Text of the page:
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History of Vic

A journey through history

Arqueologia MEV

The history of Vic dates back to at least the 4th century BC. At that time the city was called Auso and was home to the Ausetan Iberians. Later on, under Roman occupation, it became a tributary city. Signs of its importance during this period are its classification as a municipality and the construction of the temple at the highest point of the city in the 1st century AD. Auso was an episcopal see during the Visigothic period. Following the invasion of the Saracens, the city was destroyed in 826 AD in the Aisó revolt against the supporters of the Franks.


 The repopulation of the Vic Plain and the creation of the county of Osona in 878 AD, under the rule of Count Wilfred the Hairy, enabled the reconstruction of Auso. All that survived of the ancient city were the walls of the Roman Temple, which were then used for the construction of the castle. The new city took the name of Vicus Ausonae (suburb of Ausona), which is where the name of Vic comes from. The city’s status of episcopal see was restored and the cathedral was built in the lower part of the city. The Romanesque cathedral was consecrated in 1038 by Bishop Oliba. Only the crypt and bell tower survive from this period.

Restes del castell dels Motcada

The privatisation of public power in the Middle Ages led Vic to be split in two, with one area of the city initially under the jurisdiction of the bishop (transferred to the king in 1316) and the other under the jurisdiction of the Lords of the Castle, the Montcada family. This division had a significant impact on the life in Vic in the Middle Ages. At this time the city grew around the cathedral, the castle and the Mercadal (Market Square) and was encircled by a wall with towers, rebuilt in the 14th century. In 1450, the part of the city under the control of the descendants of the Montcada family was bought from them by King Alfonso the Magnanimous.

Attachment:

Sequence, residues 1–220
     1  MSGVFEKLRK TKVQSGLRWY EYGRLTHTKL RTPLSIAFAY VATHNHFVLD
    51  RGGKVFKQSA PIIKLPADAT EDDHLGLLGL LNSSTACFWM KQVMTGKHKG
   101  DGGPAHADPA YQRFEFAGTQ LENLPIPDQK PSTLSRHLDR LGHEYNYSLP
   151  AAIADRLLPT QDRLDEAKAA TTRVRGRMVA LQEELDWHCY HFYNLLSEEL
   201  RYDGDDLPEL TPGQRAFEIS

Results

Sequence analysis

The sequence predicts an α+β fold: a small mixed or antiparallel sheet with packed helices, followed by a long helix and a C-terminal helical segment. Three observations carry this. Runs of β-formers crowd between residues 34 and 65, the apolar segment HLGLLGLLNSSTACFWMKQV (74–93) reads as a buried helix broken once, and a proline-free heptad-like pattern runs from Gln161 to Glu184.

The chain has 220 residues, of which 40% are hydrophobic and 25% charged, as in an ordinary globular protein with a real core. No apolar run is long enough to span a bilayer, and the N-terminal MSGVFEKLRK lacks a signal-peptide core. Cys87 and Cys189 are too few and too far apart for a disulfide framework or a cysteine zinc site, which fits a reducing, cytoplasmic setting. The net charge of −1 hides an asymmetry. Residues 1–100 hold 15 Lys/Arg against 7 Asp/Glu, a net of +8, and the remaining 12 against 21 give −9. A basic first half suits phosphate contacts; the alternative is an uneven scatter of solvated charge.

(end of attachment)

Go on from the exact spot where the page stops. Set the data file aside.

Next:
The city fell into a period of stagnation as a result of the crisis of the Late Middle Ages, fighting between rival political-civil-military factions (especially the Nyerros and the Cadells) and the wars with France. The defeat of Archduke Charles of Austria in the War of the Spanish Succession in 1714 threw Vic into chaos, since the city had supported him from the beginning.


The economic and demographic upturn of the 18th century led to the growth of the city. Important sculpting and architectural workshops opened, enabling the construction of several civic and religious buildings, along with the cathedral we see today.




 In the 19th century, the city suffered from the effects of the Peninsular War and the Carlist Wars, not to mention the economic crisis which led many factories to relocate to the Ter Basin. Nevertheless, the city recovered thanks to various factors, not least the construction of the railway between Vic and Barcelona in 1875. This was also a period of strong cultural repression due to the influence of the Seminary, which revived the tradition of the mediaeval cathedral school and of the 17th-century Literary University of Vic. The many illustrious students of the Seminary include Jaume Balmes, Sant Antoni Maria Claret or Jacint Verdaguer. Thanks to the work of associations such as the Literary Circle or the Esbart de Vic (group of young poets), of which they were prominent members, Vic was able to play a significant role in the literary and political renaissance of the country.

Imatge actual

Following the disruption of the Spanish Civil War and the stagnation of the post-war period in the mid-20th century, the city gradually recovered its traditional importance in Catalonia.



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